Library of Congress introduces site to expand research through digital collections
September 19, 2017
The Library’s ‘labs’ site crowdsources information to grow data sets, making research easier and more thorough for educators and students.
Leading innovative research university ASU uses software-defined networking solutions to support 250 active research projects.
Corinne Lestch is a staff reporter covering education for EdScoop and its affiliate public sector technology news websites, FedScoop and StateScoop...
Arizona State University, ranked one of the "most innovative schools" by U.S. News & World Report, has continued on its groundbreaking path by using software-defined networking tools developed by Brocade.
SDN, which allows network administrators to manage network services more easily and openly, supports researchers who are doing cutting-edge work and who need to access network capabilities with seamless access to resources. ASU has used Brocade's MLXe Core Routers, SDN controller and applications, and Flow Optimizer for the past two years, and seen significant success.
"One of our
primary goals was to upgrade and build this new environment, but we needed to
figure out, 'How do we put this all on one seamless networking fabric?'" said Jay Etchings, director of research computing at ASU. " Brocade was
able to give us a package, and that package included some highly dense devices. [Brocade] was able to
meet many, if not almost all, of our security requirements."
Rather than working with multiple network vendors and different types of servers, ASU has Dell and HP switches, but manages them with Brocade's SDN controller from one place. This "makes it easy considering when we started this effort, we had 15 unique logins," Etchings said in an interview.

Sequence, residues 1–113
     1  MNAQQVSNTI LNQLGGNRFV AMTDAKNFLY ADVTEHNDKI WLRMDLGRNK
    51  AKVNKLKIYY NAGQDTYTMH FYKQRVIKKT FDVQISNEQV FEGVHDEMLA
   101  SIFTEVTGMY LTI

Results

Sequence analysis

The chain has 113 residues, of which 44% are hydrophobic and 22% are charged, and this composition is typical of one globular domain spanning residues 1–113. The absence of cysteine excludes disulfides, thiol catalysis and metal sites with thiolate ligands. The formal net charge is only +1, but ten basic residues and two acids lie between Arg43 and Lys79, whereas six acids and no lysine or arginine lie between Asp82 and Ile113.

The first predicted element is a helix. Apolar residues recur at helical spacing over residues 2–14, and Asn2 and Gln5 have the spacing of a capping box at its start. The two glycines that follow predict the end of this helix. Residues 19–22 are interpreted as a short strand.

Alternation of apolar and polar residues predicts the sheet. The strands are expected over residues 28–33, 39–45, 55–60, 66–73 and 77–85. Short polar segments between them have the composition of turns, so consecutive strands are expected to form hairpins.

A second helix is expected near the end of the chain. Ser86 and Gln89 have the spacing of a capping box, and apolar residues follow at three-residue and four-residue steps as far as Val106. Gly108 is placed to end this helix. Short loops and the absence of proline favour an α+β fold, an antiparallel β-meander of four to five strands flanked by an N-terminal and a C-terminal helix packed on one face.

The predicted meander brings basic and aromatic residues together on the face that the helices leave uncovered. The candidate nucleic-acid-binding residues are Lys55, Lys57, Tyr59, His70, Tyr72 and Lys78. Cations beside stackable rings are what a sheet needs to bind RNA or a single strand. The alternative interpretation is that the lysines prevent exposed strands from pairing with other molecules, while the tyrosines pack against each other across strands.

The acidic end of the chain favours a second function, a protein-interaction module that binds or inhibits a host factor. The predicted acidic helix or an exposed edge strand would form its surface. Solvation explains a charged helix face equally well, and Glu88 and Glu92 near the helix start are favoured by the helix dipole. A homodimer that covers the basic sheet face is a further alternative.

At any given time at the university, there are 250 research projects that undergraduates, graduate students and post-doctoral students are working on. Many of the roughly 90,000 students on campus are also using mobile classroom tools.
Etchings said his team of about 14 employees can see "at a moment's glance" if there is a problem on the network, in real time.
"It’s a simple, easy-to-use interface, so that’s very nice for us," he said. "It requires less maintenance, because we can give folks access to devices they need and not have to manage their accounts."
ASU has been at the forefront of where education intersects with technology. The school is one half of the ASU+GSV Summit, which brings together educators and tech investors, and earlier this year, it partnered with Massive Open Online Course provider edX to offer freshman-year courses on the online platform.
Now, with the SDN solution, ASU has put itself squarely at the cutting edge of computing research.
"SDN itself is an emerging technology," Etchings said. "We're one of the original users."